Published: 23rd March 2016
An Upper Tribunal judge has addressed the concerns of parents who have worries about attending child support hearings for fear of intimidation from their former partners.
In a recent case, Upper Tribunal Judge Mitchell called for the First-tier Tribunal to address the issue by exercising case management powers in child support cases if one parent is being intimidated by the other partner and as a result is reluctant to attend the child support hearing.
In the case in question, a non-resident parent had lodged a successful appeal against his child support maintenance liability, claiming that the child maintenance calculation was wrong and that he was eligible for a discount due to shared care of his children for at least 52 nights per year. However, the resident parent and mother of the child failed to attend the appeal hearing, having written to the First-tier Tribunal beforehand, stating that she was ‘unable to attend the appeal’ due to ongoing aggression shown to her by the non-resident parent. She also claimed that the non-resident parent had broken the contact order as the children had to stay overnight with their grandmother as the non-resident parent worked shifts which prevented him from having their children for the required number of nights.
The resident parent appealed to the Upper Tribunal, with the appeal being strongly supported by the Secretary of State's representative who said that there was ‘little case law addressing these circumstances’. The Upper Tribunal granted the appeal and issued some further guidance to parents in the same difficult situation.
Judge Mitchell said that the tribunal ‘must consider what case management and/or hearing management steps should be taken to give all parties a reasonable opportunity to put forward their cases.’ He added that a ‘sensible first step would be to write to both parties to stress that everyone has the right to attend a hearing without fear of intimidation and that the tribunal will not tolerate any [such intimidation].’
To help parties who may be too scared to attend such hearings,further guidance was given on the possibilities for the use of telephone conferencing and video technology, changing the format and the venue of the hearing, laying out the hearing room in a particular way to create physical separation, the use of screens if available and the presence of a security guard in the hearing room.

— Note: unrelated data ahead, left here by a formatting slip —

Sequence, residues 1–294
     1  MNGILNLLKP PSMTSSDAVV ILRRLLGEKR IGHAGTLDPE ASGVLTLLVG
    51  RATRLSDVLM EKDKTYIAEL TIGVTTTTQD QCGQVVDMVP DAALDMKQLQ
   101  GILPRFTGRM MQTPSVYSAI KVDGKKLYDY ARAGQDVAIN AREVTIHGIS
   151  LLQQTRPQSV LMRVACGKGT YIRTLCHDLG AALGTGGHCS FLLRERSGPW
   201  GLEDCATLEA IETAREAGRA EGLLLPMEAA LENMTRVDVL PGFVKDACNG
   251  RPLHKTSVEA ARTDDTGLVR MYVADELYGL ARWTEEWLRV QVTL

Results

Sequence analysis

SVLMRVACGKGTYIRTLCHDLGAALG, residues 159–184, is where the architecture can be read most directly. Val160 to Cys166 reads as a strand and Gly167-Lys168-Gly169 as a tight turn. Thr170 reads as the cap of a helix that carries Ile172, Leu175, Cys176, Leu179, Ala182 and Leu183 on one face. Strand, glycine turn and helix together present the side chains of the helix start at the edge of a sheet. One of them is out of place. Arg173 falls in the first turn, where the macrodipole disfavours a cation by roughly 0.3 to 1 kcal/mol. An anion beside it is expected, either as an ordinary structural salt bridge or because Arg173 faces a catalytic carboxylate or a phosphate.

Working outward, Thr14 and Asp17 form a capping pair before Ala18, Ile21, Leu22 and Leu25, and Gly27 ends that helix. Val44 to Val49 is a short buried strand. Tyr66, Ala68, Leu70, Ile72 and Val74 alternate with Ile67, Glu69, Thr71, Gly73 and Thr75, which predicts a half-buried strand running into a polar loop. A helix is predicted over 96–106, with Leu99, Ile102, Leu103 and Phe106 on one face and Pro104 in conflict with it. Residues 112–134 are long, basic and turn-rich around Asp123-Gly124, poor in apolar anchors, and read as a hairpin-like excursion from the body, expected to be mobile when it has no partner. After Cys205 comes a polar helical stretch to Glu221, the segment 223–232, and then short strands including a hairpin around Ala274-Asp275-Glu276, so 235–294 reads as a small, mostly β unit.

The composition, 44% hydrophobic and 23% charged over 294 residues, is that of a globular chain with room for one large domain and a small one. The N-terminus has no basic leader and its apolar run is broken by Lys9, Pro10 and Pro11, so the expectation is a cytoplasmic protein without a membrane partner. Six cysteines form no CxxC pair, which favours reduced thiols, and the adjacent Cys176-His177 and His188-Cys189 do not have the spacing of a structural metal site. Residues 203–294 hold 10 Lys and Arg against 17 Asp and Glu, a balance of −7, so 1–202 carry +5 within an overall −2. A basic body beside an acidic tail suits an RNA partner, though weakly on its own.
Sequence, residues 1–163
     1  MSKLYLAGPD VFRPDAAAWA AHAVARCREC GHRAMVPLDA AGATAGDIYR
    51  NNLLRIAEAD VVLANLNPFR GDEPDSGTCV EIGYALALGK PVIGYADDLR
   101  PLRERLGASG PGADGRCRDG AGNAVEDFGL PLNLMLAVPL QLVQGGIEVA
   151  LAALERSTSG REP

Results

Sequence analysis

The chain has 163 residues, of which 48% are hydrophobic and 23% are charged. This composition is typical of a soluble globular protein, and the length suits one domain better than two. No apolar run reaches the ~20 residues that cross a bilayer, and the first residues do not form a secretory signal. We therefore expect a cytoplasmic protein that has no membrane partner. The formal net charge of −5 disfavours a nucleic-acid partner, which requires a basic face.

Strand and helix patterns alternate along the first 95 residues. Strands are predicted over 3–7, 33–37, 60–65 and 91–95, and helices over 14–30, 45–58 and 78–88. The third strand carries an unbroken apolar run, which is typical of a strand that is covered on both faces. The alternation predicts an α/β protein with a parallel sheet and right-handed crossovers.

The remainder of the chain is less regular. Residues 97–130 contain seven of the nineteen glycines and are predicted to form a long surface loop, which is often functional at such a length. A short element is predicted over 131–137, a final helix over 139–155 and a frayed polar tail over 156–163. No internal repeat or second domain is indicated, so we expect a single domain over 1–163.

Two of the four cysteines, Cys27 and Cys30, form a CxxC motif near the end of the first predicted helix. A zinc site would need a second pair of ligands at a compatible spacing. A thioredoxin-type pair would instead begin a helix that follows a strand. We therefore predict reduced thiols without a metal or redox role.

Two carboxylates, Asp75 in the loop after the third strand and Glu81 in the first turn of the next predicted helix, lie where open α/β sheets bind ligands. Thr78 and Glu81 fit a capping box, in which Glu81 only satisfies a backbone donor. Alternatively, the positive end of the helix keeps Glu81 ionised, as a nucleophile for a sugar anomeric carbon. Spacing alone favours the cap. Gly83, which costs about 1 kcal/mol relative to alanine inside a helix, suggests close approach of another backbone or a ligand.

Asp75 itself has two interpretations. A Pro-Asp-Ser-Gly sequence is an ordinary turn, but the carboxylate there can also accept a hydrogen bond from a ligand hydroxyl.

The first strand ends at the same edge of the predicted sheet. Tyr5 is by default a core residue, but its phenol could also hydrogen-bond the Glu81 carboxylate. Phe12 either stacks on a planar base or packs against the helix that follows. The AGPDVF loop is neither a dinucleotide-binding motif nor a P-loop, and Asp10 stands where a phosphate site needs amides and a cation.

It was also advised that any reluctant party is made aware of the Tribunal's powers and obligation to ensure an orderly hearing, as well as appointing a person with the appropriate skills or experience in facilitating the giving of evidence by a sensitive witness. The Tribunal can also stage a parties' entrance and departure from the hearing room to minimise contact with their former partner.
If you are experiencing intimidation or abuse and you would like some advice about the optionsavailable to you then K J Smith Solicitors are here to help. Our team of family law specialists will listen and advise on the best course of action to take in order to keep you and your family safe.
For more information or to arrange a free 45 minute consultation with one of our team, contact K J Smith Solicitors today on 01491 630000 (Henley on Thames), 020 7070 0330 (London), 0118 418 1000 (Reading), 01753 325000 (Windsor), 01256 584000 (Basingstoke) or 01483 370100 (Guildford).
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